May 6, 2011
By Gregg Bell
UW Director of Writing
SEATTLE - James Strawson had two words of advice to one of the most novice rowers to ever join Cambridge University's famed program.
"Don't tip the boat," the postgraduate third seat in Cambridge's eight-man boat said Wednesday, three days before one of the founders of intercollegiate rowing dating to 1856 becomes the latest headliner in UW's 25th Windermere Cup.
"And," Strawson added, "don't jab me in the back with the oar."
Strawson was the unlucky one. He was rowing directly in front of me as we paddled one of the Huskies' boats - Cambridge left their hulls at home because they are expensive to ship across the Atlantic. We were edging away from Conibear Shellhouse on a picture perfect early afternoon of gliding across Lake Washington.
"What is that?" Strawson asked me, pointing to the giant, snow-packed peak rising through the clear above the lake to the southeast.
"That's Mount Rainer," I told him.
That turned out to be my biggest contribution to the voyage.
As we headed toward the Montlake Cut, the unique, tunnel-like water raceway that will be bracketed by as many as 40,000 people Saturday morning, I quickly grasped the lessons Strawson and Cambridge assistant coach Mark Beer tried giving me on the "erg" machine inside the shellhouse a few minutes earlier.
It's all about rhythm and timing.
"Draw in with your hands. Tamp down. Cock the wrist down."
"Hands, back, legs out. Legs, back, hands back."
"Square the oar. Now feather."
I thought maybe since I've done some kayaking I would have an inkling of what it takes to be crank out some speed with one of the world's top crews.
"It's nothing like kayaking," Coach Beer told me.
I was so preoccupied with keeping my oar in time with that of Strawson immediately in front of me, I kept clanking the oar inside its collar, not pushing with enough pressure with my outside hand. I was forgetting to feather the oar, leaving it squared and clanking off the water as I stroked it back.
"You are making it a lot harder on yourself," Strawson said, more gently than he could have.
"You are looking choppy. Like an Oxford crew," Beer chided from the coaches' boat, invoking the name of Cambridge's ultra rival in England's annual, legendary Boat Race.
Finally, about 10 minutes into the ride, I figured out the rhythm, the feathering, the flow. We were following the commands of coxswain Kayla Kingdon-Bebb, a Ph. D. student in land economy from Vancouver, British Columbia, and the only non-British rower on Cambridge's varsity boat here for the Windermere Cup. We were actually clipping along at a pace that even Beer approved of, through the megaphone a few yards - make that meters with this crew - away.
"All right, let's get after it. Let's get some race speed!" Beer commanded.
The Cambridge guys perked up at that. Except the coach didn't mean instantly, as I thought. I immediately put the oar in the water and cranked, while the rest of the boat waited for Kingdon-Bebb's commands.
The hull tipped to my oar's side as I clubbed Strawson in the middle of the back with the butt of it. He grabbed the edge of the shell to steady himself.
I had violated both of his pieces of advices in one, overeager swoop.
The rest of the boat roared. "I thought we were going in!" one yelped.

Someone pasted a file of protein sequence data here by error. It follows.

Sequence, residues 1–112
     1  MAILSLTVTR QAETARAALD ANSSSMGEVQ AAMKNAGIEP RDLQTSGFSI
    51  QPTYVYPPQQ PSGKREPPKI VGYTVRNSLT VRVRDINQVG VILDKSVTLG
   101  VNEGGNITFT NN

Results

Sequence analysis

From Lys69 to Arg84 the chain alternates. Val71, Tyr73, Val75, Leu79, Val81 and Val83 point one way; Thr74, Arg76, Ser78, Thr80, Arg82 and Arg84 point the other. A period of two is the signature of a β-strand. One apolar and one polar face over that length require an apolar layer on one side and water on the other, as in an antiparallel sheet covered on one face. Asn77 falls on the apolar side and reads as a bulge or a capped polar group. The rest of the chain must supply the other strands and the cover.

Finally, I got with the program of following Kingdon-Bebb's command. And off we went toward the cut. We took off like a shot. I could feel the speed and the teamwork making a difference, and I thought, "This is how this works."
Hence, the lesson from this introduction in crew: You are nothing if you are not in complete synchronization and in equal exertion with your teammates.
Strawson and his coach seemed almost stunned that we got up to a pace of 36 strokes per minute. That's just below what Cambridge wants to be at over a longer distance race.
"I was actually surprised," the 29-year-old Beer said, upon on our return to the dock. "You got your blade in every second stroke."
I don't think that's the way it's supposed to work, but I'll take it.
"I think the boys set up to tip the boat with you in it, but it was actually pretty awesome," Beer said.
Being Cambridge, these guys aren't dummies. Five in the boat's lineup are postgraduates like Strawson, who is studying computational biology. Stroke Joel Jennings is in biophysics.
And they say they hope to give Washington "a go" in Saturday's feature race on Seattle's opening day of the boating season.
Stanford and, on the women's side, Oklahoma are also here, a year after Oxford came. Tens of thousands lining the cut will great those teams in what everyone from Huskies longtime coach Bob Ernst to former UW two-time national champion Jenni Hogan call the most unique rowing venue they've come across in the world.
"It is unique. It is great," said Beer, a native of Australia. "That fact you have yachts pretty close to the race is pretty rare. At The Boat Race, we have hundreds of thousands of people on the Thames, but the Thames is so much wider than this.
"Forty thousand locals lining the cut? It's going to be an amazing atmosphere."
And one that isn't just going to be a spectacle for UW, the nation's top-ranked men's team. The Huskies are a week away from the Pac-10 championships, so this Windermere Cup is a crucial test to get right for that.
"This is an important prep race for us," Huskies men's coach Michael Callahan said.
Besides this, as Ernst said, is "the greatest free show in town."
"There is not getting around the fact that there are hundreds of yachts are going to be there tied up to the log boom," said Ernst, now the women's coach. "And Seattle people like to party.
"It's made to order for the Northwest."